Dear EarthTalk: What can I do, as just one individual, to help curb global warming?
—Karen Cross, via e-mail
Most of our own direct contributions to global warming pertain to the modes of travel we choose. For starters, air travel burns more fossil fuels per person than any other form of transport. So if you can opt for other forms of long-distance travel, you can reduce your contribution of greenhouse gases significantly—provided, of course, that at least a planeload of others are doing the same.
The other main offender in the transportation arena is the private automobile. Driving less frequently, carpooling, and using public transport such as buses and rail can take a big bite out of the greenhouse gases and pollution you are personally responsible for. Also, think about all those short car trips you take where a brisk walk or bicycle ride might do the trick and provide some needed exercise in the process.
When driving is a necessity, though, always make sure your vehicle is properly tuned and that the tires are properly inflated, so as to conserve fuel. If you are contemplating the purchase of a new car, consider one of the many offerings of gas-sipping hybrids, which often come with tax incentives, now on the market.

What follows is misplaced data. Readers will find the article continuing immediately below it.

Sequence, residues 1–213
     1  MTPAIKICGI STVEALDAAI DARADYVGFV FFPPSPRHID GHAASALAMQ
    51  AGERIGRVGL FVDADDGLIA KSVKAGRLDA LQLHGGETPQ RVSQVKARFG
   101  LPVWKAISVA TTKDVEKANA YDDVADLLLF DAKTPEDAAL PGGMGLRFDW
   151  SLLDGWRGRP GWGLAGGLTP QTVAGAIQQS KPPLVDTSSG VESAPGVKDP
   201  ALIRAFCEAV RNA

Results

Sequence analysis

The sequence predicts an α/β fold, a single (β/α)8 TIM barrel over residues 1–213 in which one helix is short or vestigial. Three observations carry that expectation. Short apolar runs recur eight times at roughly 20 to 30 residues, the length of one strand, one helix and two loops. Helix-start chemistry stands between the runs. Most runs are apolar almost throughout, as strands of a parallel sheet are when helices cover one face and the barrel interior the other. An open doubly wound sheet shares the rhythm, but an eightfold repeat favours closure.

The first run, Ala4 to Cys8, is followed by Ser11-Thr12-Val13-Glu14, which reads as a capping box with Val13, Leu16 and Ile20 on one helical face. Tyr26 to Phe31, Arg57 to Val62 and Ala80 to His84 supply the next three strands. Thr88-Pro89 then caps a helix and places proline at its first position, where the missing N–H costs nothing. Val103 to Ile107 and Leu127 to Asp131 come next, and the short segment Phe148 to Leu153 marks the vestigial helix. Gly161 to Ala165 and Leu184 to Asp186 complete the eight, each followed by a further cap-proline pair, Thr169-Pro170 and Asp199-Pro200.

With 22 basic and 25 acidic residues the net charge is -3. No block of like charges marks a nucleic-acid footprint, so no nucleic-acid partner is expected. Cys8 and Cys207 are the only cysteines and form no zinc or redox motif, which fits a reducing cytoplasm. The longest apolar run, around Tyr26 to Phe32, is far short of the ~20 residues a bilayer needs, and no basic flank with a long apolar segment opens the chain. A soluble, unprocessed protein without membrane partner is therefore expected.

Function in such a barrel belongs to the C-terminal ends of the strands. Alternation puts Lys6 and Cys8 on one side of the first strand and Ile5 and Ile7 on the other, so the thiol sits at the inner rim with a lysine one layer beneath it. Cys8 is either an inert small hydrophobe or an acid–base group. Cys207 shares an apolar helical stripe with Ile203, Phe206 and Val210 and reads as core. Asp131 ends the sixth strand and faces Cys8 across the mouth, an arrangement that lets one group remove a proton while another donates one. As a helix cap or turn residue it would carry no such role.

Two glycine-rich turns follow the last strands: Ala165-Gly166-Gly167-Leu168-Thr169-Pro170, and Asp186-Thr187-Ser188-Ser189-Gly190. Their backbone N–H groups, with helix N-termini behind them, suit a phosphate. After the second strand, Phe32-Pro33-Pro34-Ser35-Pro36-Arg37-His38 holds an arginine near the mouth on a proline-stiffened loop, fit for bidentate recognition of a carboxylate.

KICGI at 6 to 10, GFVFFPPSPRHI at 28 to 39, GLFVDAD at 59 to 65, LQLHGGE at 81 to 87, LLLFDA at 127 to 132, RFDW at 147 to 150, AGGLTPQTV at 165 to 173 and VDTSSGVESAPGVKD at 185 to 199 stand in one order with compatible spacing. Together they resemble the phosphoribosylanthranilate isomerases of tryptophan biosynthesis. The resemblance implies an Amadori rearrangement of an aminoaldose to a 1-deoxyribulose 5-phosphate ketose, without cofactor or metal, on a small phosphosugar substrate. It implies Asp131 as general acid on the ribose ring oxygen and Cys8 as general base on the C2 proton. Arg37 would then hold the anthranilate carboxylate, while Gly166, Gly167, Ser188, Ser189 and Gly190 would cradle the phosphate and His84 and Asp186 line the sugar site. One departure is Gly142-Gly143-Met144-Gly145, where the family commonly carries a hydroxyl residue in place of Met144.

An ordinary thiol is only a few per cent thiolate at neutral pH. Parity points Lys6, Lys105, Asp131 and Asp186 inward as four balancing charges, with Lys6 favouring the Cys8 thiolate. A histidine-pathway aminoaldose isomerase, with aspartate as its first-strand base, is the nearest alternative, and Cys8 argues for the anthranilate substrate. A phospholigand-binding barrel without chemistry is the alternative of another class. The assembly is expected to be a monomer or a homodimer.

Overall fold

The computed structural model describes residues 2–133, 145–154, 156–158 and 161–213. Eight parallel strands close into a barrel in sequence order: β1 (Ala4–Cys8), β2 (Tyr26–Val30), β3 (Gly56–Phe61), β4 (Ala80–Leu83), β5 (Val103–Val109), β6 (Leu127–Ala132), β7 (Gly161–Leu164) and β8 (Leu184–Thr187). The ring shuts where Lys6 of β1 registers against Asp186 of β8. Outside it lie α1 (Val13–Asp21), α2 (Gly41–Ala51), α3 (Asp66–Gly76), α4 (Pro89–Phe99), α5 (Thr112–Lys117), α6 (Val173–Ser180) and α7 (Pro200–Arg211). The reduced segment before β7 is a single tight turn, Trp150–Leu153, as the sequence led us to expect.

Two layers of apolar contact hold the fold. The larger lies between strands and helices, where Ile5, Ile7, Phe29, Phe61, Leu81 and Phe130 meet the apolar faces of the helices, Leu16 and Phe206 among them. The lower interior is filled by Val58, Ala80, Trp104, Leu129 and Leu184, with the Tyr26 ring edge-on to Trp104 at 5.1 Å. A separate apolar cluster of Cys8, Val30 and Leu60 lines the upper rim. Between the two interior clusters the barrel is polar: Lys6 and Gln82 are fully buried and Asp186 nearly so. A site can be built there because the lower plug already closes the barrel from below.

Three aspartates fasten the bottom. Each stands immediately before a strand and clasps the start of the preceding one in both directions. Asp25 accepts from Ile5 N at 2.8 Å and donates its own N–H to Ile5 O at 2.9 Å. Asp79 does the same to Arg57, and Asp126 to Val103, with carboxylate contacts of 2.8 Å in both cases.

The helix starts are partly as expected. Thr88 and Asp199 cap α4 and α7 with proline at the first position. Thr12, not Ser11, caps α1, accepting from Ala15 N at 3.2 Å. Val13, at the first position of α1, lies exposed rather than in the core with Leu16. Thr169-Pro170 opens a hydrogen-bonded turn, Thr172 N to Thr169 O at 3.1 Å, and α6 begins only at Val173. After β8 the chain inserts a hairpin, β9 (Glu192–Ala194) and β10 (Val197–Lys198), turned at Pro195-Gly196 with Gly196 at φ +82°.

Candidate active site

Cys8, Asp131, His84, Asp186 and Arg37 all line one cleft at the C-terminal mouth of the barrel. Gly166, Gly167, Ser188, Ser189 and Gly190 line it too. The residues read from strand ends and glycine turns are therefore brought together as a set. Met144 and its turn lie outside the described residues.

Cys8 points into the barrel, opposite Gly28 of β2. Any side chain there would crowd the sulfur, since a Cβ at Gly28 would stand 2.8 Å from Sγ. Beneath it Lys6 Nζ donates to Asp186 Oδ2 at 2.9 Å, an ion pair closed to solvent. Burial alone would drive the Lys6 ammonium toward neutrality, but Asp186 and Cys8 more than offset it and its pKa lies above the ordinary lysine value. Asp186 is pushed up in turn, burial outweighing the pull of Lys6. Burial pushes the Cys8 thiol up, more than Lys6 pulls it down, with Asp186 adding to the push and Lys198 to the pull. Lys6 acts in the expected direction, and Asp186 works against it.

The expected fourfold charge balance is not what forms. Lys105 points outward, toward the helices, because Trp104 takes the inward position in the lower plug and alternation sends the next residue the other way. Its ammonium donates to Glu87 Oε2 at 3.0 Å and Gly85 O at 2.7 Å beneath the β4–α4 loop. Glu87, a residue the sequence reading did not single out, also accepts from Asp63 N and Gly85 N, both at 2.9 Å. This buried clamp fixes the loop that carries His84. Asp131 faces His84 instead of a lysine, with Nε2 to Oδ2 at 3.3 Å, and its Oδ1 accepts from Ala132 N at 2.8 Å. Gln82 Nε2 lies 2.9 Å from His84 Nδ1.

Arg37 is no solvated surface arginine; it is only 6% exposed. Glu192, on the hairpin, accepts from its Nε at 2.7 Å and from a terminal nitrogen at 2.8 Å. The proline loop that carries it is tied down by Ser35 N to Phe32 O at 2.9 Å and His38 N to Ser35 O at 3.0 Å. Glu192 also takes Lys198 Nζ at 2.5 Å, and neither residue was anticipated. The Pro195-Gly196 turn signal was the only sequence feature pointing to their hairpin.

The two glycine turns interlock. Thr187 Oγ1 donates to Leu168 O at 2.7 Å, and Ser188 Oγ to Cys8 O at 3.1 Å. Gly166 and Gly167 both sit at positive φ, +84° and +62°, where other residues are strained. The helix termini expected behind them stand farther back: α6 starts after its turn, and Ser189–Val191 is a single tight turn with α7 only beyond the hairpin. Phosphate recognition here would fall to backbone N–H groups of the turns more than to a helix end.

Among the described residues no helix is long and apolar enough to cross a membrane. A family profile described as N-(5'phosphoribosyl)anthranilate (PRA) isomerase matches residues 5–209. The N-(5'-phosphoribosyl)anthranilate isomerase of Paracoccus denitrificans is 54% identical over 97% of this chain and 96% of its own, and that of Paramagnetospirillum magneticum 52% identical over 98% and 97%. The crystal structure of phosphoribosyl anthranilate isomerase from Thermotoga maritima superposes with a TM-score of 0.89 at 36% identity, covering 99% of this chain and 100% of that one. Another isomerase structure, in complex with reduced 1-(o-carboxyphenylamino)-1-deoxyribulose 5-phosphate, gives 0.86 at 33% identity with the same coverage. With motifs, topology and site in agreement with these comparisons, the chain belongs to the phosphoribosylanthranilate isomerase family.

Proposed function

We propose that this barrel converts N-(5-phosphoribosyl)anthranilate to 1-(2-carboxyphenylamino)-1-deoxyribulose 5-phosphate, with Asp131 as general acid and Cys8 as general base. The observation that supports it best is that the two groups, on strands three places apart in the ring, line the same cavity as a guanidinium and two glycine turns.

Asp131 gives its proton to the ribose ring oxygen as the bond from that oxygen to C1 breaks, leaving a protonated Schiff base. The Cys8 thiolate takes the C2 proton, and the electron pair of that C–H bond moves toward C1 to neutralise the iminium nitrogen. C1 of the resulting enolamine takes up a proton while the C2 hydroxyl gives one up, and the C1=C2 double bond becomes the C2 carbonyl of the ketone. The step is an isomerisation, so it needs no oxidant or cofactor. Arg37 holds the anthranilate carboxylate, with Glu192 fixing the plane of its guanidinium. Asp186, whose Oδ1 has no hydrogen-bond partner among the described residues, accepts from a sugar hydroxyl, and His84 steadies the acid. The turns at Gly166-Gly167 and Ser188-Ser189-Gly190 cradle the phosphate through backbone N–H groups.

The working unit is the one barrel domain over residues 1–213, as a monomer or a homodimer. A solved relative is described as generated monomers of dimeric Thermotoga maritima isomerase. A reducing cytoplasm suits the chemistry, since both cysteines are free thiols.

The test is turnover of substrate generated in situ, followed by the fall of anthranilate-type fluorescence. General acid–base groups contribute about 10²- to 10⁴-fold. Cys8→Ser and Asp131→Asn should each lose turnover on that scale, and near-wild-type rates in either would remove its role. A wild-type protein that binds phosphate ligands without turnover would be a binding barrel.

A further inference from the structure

At home, you can fight global warming by buying energy-efficient appliances and keeping older ones serviced, as inefficiencies translate into energy waste. And simply minimizing heating and cooling in the home can reduce your individual contribution to climate change while also lowering monthly bills. In cold weather, dress warmly and sleep with warm blankets; in warm weather, dress lightly and open the windows to create drafts; when you go out, turn heat and air conditioning down or off.
Insulating and weather-stripping your house is another great way to reduce energy use. And if your utility offers check-off options for renewable power sources like wind or solar, opt for them, even if it costs a buck or two—a small price to pay for a healthy planet. And plant a few trees in the backyard. Over their lifetimes they"ll remove tons of carbon dioxide that would otherwise contribute to global warming.
Cutting back or eliminating meat and dairy from one’s diet is another great way to fight climate change, while also keeping healthy. Cows used for meat and milk are continuously fed in order to maximize their productivity, and as a result they continually emit methane as they digest. According to Noam Mohr of the non-profit EarthSave, methane gas is 21 times more powerful a greenhouse gas than the carbon dioxide coming out of our tailpipes. Given the massive proliferation of livestock around the globe, these industries are major contributors to global warming. Also, switching from supermarket-based, energy-intensive processed foods that must be shipped long distances to food grown locally can reduce one’s greenhouse gas contribution even more than by switching from a gas-powered mid-size car to a hybrid.
Various climate-related websites, including CarbonFootprint.com and TerraPass.com, offer free online "carbon footprint calculators" so individuals can see and even calculate how their actions contribute to global warming. SafeClimate.net helps businesses of all sizes take action on climate change.
Dear EarthTalk: Are the flame-retardants used in many products as a fire safety precaution dangerous to our health? If so, what can I do to avoid contact with them?